History, even very recent history, can be held to up to the prognostic ability of bioethicists who reflect on the future and predict its course. How has bioethics as a field done, in this way, against the unfolding of the knowledge only speculated about in the 1990s? To be sure, few if any of the predicted catastrophic or euphoric scenarios have occurred in any empirical way.

Is it prudent to have concerns about the potential consequences of genetic knowledge? To be sure. It has been fears and not faith that have driven the thoughtful design of many of bioethical regulations. Fearsome events may well await us, but the trends have not been in that direction, as a review of the world since the 1990s teaches. To the contrary, the importance of families has not waned, nor have kindred and kind been neglected. Children, as families have chosen to have fewer children overall, remain highly valued, and the bond between generations seems entirely unaffected at least by genetic testing, although there has been increased vigilance in all matters genetic. A deeper sense of faith in the ethical and moral integrity of research and in the core duties of medical science may well be in order.

By 2003, there were new laws, and far more robust ones, that protect privacy and insurance misuse; there also existed national oversight bodies in most industrialized countries, and bodies at the international, national, state, and non-governmental organization (NGO) levels, to regulate or at least publicly examine genetic policies and techniques. Bioethics centers and ethics debate in general flourished at the beginning of the twenty-first century, despite new and pivotal research in genetics taking center stage in many science policy debates. The President of the United States, George W. Bush, made human embryonic stem cells the subject of his first public address, and the U.S. Congress debated the science and ethics of genetic policies, especially cloning and genetic modification. The ethical discourse about meaning and agency moved from the academic margins to the center of the debate. Decades after James Watson, Francis Crick, Rosalind Franklin, and Linus Pauling moved the chemistry that enabled the basic theory of genetics towards the modern intellectual project of genetic sequencing, and decades after computational and structural biology coalesced this sequence into a credible account of how human persons develop, few would claim a victory for an unreflective position in the debates about the influence of nature versus nurture.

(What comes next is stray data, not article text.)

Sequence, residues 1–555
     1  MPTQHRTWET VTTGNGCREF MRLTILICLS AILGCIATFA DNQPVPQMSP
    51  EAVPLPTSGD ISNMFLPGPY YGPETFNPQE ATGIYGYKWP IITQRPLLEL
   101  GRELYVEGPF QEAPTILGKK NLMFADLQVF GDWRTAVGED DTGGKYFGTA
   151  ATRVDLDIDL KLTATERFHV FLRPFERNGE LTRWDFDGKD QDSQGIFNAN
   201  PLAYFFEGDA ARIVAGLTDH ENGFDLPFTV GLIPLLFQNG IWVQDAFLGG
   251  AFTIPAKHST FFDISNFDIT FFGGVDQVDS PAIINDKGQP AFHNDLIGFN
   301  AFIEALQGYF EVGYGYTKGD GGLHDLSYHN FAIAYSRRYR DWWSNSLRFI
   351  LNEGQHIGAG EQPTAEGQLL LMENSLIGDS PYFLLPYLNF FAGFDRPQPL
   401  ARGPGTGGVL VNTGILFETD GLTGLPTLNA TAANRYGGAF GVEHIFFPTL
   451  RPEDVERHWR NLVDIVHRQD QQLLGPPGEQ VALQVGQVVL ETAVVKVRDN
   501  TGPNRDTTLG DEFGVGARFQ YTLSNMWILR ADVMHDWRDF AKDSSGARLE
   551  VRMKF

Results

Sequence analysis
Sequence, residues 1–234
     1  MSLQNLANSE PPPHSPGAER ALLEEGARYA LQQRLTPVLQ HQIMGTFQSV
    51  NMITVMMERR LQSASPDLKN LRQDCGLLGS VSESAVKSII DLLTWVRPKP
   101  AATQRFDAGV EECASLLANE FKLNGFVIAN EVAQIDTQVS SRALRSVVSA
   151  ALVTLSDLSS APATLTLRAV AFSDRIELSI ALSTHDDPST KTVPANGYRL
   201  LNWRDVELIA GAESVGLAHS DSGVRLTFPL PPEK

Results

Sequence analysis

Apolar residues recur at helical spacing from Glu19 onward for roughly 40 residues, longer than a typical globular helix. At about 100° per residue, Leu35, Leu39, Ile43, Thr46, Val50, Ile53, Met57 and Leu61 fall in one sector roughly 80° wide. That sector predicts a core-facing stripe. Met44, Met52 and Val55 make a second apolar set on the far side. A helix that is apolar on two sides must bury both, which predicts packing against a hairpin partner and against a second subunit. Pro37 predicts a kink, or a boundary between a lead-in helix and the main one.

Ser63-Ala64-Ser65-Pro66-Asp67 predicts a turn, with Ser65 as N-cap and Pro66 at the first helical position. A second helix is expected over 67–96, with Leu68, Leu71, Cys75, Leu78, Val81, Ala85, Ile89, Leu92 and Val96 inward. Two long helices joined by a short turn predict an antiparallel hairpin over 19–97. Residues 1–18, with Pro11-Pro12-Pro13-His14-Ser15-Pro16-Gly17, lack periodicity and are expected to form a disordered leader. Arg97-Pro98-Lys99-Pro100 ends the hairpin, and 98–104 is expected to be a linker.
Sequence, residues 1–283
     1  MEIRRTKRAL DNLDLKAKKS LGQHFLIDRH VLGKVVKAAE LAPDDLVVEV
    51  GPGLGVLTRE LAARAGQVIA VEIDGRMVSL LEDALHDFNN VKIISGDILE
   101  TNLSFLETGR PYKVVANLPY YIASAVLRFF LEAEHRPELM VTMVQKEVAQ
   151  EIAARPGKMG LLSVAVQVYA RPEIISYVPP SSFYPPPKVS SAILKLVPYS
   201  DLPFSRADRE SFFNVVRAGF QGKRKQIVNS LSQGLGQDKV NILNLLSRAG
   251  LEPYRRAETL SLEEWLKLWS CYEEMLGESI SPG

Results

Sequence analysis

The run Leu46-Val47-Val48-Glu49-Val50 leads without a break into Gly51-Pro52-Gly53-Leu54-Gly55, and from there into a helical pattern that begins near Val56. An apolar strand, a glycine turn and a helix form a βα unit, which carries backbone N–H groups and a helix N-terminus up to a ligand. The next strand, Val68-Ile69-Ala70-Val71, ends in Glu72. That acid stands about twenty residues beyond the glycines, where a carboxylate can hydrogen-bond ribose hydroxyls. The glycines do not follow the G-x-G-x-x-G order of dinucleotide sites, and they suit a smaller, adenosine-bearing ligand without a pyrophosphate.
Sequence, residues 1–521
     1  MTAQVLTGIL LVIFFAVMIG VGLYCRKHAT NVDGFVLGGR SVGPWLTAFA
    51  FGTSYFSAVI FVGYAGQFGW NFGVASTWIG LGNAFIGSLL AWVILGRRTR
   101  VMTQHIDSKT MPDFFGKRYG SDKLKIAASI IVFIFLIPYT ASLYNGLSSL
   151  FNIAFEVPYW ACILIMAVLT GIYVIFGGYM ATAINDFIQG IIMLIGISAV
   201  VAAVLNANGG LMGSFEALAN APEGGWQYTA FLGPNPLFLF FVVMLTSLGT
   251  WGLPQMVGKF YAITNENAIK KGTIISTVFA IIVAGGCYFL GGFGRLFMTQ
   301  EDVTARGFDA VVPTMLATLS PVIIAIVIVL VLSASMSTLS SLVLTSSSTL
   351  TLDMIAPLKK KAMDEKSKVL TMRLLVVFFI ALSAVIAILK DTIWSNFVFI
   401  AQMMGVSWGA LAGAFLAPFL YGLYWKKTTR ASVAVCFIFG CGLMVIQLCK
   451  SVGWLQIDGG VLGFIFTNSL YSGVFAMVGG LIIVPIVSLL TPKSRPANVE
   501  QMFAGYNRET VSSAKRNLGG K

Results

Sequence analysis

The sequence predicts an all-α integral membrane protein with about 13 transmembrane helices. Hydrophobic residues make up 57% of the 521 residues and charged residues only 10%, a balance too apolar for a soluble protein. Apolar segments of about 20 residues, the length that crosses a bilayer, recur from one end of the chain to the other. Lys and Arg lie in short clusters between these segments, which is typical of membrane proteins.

The human genome, our nature, is clearly understood as responsive and interactive with the environment, adaptive yet constrained. Few can credibly deny the reality of the genetic-protein explanation of the physical world. It is, for now, the best account of the phenomenological terrain, and it is the text and tool that facilitates the exploration of the details and the variable of our human selves. Will we reach unbreachable ethical boundaries in this terrain? Will the "moral harm" that might exist become too dangerous to contemplate, and will the existence of moral harms outweigh moral duties to simply know and name as much about the world as we can? Are there horizons beyond which we cannot venture, and entities we ought not to know, mysteries that allow humanity to exist? Or have we a human duty to our human curiosity? Can one argue for a duty to heal and in the pursuit of the goal of healing, allow for all knowledge, and all pursuit, no matter where it might lead? Such worrisome questions remain, despite both increased regulatory efforts and a series of gravely sobering and stochastic human events. An article such as this can only hope to highlight competing moral appeals as they emerge in the literature of bioethics and in the literature of science—it cannot hope to solve the quandaries, and humility in prognostication about our genetic future, for good or for ill, would be a wise and prudent path. Genetic knowledge places us in a position of unprecedented choices—not yet about our final telos, but in a very real way, in a position to understand both the gravity and the temptations of the road we travel there.

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